Seminar: Jay Russo, Cornell University
What is Desired in the Desirability Bias?
Date: May 9, 2014
Time: 10:00 am - 11:30 am
Location: Room 245
The desirability bias is the elevation of the predicted likelihood of a preferred outcome. The present work asserts that one cause of this bias is the general desire for cognitive consistency between the strength of preference for an outcome and the likelihood of its occurrence. Two experiments tested this claim using fans’ judgments from the 2014 NCAA Men’s Basketball Tournament. In Study 1 raising the activation level of the goal of cognitive consistency increased the desirability bias. Further, by asking for the prediction first, increasing the consistency goal yielded the reverse of the desirability bias, prediction changed the preference. Study 2 measured the activation level of the consistency goal during the two judgments, preference and likelihood. As predicted, when either was greater, the goal of cognitive consistency was also more active. An open question is the joint impact on consumer behavior of the desirability bias and the goal of cognitive consistency.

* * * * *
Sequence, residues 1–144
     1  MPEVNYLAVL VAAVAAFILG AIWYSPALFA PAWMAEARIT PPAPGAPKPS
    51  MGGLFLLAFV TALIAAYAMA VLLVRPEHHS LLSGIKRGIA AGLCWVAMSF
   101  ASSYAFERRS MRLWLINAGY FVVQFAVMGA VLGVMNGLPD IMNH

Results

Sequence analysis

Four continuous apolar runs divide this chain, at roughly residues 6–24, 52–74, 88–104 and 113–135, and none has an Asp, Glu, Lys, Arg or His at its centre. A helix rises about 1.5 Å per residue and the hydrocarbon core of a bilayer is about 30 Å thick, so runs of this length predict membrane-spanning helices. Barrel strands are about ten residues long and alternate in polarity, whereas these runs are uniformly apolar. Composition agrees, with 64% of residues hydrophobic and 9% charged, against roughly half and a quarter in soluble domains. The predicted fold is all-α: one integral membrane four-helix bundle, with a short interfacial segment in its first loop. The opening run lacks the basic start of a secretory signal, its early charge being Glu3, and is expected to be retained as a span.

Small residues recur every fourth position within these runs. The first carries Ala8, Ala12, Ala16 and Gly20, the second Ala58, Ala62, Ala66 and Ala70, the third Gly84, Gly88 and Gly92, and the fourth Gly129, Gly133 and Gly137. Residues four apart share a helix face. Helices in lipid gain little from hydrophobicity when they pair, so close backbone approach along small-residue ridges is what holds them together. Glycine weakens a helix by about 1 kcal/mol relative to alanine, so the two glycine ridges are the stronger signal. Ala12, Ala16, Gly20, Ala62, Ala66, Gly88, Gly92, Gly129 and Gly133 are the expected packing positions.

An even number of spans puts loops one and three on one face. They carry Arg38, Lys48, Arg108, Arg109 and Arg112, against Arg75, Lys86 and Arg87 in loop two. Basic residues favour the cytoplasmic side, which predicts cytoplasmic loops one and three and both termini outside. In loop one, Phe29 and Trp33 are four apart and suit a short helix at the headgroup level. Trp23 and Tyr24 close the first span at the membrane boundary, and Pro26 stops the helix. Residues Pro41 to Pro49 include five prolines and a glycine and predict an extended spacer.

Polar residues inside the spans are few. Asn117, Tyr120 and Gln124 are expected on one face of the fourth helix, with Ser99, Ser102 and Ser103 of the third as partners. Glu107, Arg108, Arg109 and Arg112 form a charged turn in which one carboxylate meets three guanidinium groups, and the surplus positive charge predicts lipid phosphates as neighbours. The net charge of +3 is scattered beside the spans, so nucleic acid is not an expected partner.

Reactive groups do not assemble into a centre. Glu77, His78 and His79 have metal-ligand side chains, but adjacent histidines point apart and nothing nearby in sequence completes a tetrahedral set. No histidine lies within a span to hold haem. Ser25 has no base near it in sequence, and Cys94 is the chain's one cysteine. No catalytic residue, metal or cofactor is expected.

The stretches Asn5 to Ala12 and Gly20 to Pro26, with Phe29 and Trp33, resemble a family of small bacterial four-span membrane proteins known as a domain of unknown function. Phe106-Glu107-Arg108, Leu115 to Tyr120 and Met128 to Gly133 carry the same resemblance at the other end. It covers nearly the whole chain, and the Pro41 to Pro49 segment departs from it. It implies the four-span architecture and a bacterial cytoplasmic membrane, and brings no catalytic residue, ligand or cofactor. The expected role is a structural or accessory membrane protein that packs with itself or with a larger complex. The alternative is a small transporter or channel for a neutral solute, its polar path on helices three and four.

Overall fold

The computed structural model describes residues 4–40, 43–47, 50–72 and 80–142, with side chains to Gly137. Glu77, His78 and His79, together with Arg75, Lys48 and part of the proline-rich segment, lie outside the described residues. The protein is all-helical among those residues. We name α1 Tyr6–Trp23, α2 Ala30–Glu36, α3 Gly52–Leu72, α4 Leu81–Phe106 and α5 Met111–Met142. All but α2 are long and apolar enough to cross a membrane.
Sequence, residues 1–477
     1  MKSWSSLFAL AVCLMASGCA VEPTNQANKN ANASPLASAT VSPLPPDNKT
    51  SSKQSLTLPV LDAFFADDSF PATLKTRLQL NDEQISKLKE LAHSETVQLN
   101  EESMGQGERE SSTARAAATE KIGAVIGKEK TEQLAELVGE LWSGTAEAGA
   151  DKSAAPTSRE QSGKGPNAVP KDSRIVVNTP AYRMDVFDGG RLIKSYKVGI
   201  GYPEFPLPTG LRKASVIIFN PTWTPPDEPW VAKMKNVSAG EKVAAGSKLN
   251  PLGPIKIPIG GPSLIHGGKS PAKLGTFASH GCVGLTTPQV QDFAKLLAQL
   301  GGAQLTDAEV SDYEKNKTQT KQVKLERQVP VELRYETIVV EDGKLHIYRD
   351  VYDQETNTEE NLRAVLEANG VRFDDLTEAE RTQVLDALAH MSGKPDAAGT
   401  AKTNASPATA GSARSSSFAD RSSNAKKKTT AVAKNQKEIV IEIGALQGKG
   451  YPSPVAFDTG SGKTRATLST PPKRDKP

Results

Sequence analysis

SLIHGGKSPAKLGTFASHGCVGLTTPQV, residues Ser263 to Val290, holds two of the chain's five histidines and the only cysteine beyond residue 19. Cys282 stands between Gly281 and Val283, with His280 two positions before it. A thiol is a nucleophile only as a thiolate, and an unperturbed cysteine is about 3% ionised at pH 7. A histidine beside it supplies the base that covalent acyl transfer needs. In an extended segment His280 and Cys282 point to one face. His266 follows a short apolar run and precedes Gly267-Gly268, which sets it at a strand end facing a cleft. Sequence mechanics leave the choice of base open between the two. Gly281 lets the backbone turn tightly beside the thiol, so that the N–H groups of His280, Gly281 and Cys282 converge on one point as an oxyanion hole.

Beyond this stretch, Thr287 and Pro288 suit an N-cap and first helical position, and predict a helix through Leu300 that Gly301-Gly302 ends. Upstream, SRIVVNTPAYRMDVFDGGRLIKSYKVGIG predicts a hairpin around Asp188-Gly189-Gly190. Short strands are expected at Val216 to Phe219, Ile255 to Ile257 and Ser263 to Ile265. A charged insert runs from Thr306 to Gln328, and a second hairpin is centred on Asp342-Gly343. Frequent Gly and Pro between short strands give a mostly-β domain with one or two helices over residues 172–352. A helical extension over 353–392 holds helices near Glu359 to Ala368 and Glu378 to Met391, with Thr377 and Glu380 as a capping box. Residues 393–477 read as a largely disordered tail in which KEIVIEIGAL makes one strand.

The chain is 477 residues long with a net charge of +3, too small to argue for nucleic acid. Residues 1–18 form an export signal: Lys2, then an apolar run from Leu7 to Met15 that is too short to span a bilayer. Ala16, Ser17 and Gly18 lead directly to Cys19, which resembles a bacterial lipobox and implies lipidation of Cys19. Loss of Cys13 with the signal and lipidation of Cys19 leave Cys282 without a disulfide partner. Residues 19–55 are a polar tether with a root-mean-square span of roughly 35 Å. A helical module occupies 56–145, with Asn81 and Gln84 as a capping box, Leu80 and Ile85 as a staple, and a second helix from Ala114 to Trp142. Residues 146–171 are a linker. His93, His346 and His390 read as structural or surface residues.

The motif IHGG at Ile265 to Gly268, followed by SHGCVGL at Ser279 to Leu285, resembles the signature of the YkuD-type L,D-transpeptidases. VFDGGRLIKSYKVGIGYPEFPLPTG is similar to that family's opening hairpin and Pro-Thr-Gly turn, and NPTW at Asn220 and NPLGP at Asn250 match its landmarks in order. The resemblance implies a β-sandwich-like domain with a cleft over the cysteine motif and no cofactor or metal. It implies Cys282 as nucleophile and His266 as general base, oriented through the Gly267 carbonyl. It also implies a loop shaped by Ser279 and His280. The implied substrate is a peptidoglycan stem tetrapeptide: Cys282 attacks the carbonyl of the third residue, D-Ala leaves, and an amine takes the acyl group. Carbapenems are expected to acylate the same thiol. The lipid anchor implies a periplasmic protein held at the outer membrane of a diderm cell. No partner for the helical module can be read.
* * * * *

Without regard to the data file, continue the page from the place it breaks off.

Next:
For more information, please contact Cynthia Wong at: cynthia [dot] wong3 [at] mcgill [dot] ca.